Wellington is different

The standout is still Wellington. Recall that this is consents, so Tauranga and Hamilton are showing a recent large increase, but the construction has not yet finished so the increase in supply to match demand has not yet happened. Christchurch on the other hand is winding down and so are prices as supply starts exceeding demand.


Wellington Urban Areas

This led me to wonder where in Wellington, since I am local and could expect to know about any changes - and am only aware of increasing apartments in Petone (part of Lower Hutt). Apartment building in Wellington appears to be running at about the same level as in the past and the chart supports this.

Wellington Urban AreasThe chart below shows the city compared with urban areas. - there is no outstanding area, lack of growth seems to be consistent across the board. However, there is a sudden change in Lower Hutt, but that is after a long period of almost no growth - a feature locals are very aware of due to a council intent on doing nothing to save money.

These charts strongly suggest, along with the charts on rental listings here, that there is an excellent opportunity for development in Wellington right now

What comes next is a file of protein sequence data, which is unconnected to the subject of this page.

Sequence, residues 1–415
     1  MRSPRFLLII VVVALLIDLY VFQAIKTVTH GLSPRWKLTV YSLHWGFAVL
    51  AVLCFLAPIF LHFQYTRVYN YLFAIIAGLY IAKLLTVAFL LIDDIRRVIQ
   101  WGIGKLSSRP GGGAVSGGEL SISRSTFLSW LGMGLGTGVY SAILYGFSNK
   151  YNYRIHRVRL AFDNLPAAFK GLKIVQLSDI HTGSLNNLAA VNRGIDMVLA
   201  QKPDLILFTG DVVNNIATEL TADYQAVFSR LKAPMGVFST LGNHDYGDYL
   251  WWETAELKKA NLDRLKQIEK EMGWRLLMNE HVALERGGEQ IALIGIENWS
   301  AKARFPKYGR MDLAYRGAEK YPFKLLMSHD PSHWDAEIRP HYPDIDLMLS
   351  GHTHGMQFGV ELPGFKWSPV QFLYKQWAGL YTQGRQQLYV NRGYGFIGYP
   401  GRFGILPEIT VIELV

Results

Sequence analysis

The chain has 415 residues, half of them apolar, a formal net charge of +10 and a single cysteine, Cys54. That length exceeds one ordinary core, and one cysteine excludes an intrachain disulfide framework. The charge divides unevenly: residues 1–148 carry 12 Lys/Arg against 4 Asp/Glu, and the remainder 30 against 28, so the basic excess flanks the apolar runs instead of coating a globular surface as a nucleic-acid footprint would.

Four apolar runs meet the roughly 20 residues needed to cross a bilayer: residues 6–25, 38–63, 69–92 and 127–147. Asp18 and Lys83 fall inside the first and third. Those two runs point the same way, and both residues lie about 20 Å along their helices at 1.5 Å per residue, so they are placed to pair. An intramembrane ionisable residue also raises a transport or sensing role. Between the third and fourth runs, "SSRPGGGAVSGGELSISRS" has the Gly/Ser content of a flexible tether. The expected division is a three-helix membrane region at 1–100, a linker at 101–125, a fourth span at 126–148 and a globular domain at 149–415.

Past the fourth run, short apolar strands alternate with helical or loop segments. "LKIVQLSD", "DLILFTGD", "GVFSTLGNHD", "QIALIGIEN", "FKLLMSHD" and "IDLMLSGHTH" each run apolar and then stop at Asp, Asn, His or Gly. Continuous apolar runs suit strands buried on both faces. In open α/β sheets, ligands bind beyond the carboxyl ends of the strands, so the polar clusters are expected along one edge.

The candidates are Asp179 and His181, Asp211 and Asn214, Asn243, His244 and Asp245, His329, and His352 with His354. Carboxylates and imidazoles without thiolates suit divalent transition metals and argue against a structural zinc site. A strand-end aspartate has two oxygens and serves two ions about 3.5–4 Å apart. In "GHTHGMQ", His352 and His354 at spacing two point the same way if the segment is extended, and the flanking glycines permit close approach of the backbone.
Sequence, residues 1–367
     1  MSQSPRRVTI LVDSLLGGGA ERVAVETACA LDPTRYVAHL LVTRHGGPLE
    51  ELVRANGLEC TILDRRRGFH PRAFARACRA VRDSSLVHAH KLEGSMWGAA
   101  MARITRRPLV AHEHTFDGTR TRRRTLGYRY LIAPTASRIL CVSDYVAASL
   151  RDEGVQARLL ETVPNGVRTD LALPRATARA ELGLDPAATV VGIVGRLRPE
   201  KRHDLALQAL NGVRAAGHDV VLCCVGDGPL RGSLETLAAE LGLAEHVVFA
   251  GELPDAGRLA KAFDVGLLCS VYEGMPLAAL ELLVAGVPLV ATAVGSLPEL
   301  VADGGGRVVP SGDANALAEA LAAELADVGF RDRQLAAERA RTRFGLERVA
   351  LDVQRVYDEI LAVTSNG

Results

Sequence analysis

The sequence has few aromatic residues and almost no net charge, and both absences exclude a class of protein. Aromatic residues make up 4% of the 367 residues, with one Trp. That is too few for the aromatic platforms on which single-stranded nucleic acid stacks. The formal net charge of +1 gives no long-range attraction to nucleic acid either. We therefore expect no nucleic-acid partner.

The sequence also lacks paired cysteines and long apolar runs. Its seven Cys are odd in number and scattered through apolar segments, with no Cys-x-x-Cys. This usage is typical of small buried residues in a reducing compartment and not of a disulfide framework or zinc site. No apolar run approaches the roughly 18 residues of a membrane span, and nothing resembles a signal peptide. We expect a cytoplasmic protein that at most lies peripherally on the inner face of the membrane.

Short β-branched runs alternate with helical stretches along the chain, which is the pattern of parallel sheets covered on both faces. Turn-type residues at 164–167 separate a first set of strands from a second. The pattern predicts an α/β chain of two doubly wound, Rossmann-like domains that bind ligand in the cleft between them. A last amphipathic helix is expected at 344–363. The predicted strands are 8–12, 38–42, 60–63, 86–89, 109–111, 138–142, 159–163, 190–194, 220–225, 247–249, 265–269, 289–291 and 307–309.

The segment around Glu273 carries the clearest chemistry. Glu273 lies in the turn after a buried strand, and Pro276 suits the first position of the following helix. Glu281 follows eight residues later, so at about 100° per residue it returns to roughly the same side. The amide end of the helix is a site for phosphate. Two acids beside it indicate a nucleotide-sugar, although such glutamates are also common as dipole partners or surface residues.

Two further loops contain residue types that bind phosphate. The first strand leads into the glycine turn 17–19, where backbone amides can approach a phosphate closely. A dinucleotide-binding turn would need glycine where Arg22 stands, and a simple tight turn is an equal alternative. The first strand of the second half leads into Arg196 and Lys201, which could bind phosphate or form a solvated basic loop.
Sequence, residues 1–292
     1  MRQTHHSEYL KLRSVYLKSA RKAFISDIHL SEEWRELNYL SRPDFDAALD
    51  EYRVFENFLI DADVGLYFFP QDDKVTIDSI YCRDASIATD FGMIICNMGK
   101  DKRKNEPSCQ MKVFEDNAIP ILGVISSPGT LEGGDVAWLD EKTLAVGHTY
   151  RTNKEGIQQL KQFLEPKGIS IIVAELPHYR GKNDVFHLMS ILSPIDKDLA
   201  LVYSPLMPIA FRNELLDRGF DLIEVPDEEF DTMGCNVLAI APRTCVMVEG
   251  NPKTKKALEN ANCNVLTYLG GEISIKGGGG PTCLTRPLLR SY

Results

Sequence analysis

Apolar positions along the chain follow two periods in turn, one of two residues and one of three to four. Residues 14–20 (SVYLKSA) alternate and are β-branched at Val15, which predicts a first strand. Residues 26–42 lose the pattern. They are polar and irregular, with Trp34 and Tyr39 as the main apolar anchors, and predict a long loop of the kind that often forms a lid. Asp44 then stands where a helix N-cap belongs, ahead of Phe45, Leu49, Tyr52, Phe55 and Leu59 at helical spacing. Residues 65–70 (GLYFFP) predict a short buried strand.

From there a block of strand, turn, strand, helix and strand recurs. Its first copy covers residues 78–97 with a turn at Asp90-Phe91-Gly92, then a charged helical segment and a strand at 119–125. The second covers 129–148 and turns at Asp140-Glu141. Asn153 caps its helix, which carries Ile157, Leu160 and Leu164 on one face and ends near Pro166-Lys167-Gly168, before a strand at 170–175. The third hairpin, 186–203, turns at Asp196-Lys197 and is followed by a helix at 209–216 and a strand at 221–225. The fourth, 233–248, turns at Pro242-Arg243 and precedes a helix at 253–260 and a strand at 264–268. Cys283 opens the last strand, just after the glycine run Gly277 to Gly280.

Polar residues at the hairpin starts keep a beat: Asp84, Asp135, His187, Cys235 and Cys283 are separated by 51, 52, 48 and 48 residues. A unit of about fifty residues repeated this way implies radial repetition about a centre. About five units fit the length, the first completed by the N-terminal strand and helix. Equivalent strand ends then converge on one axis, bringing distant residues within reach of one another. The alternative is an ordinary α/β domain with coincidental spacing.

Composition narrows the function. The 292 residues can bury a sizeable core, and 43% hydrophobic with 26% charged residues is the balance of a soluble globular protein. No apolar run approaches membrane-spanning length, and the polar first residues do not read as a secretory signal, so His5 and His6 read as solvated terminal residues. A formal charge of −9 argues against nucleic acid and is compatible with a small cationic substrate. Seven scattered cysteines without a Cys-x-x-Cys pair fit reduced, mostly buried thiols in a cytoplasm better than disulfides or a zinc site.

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Wellington Building Boom Yet to Start

Building consents published by MBIE show some interesting numbers. It would appear to be a great time to invest in Wellington.

The post earthquake Christchurch building boom is obvious, and is well over the top now but remains well above the building levels prior to the earthquake - despite rentals falling!

Hamilton & Tauranga are well into a building boom, and considering the real shortage of rental properties in these areas it is about time, but is the boom overblown? Actual housing coming on to the market could change the situation dramatically in the near future


Auckland on the other hand is just ticking along, pretty much matching construction in the past, hinting that the market is not calling for more private housing. It’s not that clear the the index base is good for Auckland, maybe it needed to be higher. Maybe the Housing Corporation will be able to build enough low rent housing in this lull.